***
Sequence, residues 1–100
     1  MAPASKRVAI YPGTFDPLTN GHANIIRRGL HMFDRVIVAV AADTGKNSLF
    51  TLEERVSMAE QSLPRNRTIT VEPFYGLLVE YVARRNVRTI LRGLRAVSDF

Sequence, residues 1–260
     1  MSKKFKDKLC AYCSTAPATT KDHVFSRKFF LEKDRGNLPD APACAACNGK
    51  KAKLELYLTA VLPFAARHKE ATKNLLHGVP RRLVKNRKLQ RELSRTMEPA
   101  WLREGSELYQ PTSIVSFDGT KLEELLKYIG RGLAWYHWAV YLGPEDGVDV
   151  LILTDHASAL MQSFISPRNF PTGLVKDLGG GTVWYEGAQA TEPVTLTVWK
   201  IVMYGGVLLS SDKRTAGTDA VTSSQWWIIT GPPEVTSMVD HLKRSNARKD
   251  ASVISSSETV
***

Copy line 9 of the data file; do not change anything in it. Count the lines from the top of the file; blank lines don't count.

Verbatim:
   201  IVMYGGVLLS SDKRTAGTDA VTSSQWWIIT GPPEVTSMVD HLKRSNARKD